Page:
Dopaminergic (DA) neurons of mouse and rat retinas are of the interplexiform subtype (DA-IPC), i.e., they send processes distally toward the outer retina, exhibiting numerous varicosities along their course. The primary question we addressed was whether distally located DA-IPC varicosities, identified by tyrosine hydroxylase (TH) immunoreactivity, had the characteristic presynaptic proteins associated with calcium-dependent vesicular release of neurotransmitter. We found that TH immunoreactive varicosities in the outer retina possessed vesicular monoamine transporter 2 and vesicular GABA transporter, but they lacked immunostaining for any of nine subtypes of voltage-dependent calcium channel. Immunoreactivity for other channels that may permit calcium influx such as certain ionotropic glutamate receptors and canonical transient receptor potential channels (TRPCs) was similarly absent, although DA-IPC varicosities did show ryanodine receptor immunoreactivity, indicating the presence of intracellular calcium stores. The synaptic vesicle proteins sv2a and sv2b and certain other proteins associated with the presynaptic membrane were absent from DA-IPC varicosities, but the vesicular SNARE protein, vamp2, was present in a fraction of those varicosities. We identified a presumed second class of IPC that is GABAergic but not dopaminergic. Outer retinal varicosities of this putative GABAergic IPC did colocalize synaptic vesicle protein 2a, suggesting they possessed a conventional vesicular release mechanism.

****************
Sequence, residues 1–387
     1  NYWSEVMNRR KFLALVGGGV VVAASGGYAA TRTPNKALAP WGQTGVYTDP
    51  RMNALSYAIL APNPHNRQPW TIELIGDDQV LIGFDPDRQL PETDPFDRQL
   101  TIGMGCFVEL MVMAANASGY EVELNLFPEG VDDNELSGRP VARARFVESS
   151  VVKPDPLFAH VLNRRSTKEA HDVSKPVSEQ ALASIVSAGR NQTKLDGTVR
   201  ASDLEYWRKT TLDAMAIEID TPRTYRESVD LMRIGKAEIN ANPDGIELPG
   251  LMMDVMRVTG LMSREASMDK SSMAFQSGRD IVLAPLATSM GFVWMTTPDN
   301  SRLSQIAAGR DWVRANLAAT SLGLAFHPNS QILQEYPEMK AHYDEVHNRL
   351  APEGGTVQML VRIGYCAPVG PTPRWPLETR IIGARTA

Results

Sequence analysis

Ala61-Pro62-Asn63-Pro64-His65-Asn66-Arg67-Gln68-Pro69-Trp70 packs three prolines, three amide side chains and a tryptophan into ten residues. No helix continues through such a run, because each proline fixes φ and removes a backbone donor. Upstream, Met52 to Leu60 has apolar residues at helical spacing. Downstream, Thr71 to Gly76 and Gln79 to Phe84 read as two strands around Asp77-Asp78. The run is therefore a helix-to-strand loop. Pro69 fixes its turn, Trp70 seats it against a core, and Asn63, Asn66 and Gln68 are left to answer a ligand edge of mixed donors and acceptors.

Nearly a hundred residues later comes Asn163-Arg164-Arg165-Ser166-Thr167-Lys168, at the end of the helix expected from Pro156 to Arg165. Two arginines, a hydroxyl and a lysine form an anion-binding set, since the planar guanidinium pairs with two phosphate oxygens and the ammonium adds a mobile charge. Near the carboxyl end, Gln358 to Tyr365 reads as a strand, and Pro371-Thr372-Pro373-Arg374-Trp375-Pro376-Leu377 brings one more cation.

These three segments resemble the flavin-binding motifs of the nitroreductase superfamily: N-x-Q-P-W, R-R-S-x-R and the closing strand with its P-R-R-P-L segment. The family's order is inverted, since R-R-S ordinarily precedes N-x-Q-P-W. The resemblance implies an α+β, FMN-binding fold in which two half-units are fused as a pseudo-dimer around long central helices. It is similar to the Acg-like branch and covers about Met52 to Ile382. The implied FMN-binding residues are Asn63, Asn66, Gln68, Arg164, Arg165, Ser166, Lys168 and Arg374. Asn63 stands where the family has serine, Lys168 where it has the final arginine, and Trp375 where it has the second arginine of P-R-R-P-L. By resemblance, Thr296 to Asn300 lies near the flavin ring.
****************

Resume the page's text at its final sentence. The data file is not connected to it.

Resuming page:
(c) 2008 Wiley-Liss, Inc.